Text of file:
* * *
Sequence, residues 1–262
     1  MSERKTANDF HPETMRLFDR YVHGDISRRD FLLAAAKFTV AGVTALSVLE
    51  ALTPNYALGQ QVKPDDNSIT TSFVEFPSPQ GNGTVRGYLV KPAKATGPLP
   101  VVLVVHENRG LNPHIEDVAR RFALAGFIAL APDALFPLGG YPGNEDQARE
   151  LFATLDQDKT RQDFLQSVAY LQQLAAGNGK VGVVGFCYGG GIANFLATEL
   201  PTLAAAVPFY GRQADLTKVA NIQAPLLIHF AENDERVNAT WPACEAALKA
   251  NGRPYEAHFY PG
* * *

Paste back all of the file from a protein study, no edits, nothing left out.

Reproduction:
Sequence, residues 1–262
     1  MSERKTANDF HPETMRLFDR YVHGDISRRD FLLAAAKFTV AGVTALSVLE
    51  ALTPNYALGQ QVKPDDNSIT TSFVEFPSPQ GNGTVRGYLV KPAKATGPLP
   101  VVLVVHENRG LNPHIEDVAR RFALAGFIAL APDALFPLGG YPGNEDQARE
   151  LFATLDQDKT RQDFLQSVAY LQQLAAGNGK VGVVGFCYGG GIANFLATEL
   201  PTLAAAVPFY GRQADLTKVA NIQAPLLIHF AENDERVNAT WPACEAALKA
   251  NGRPYEAHFY PG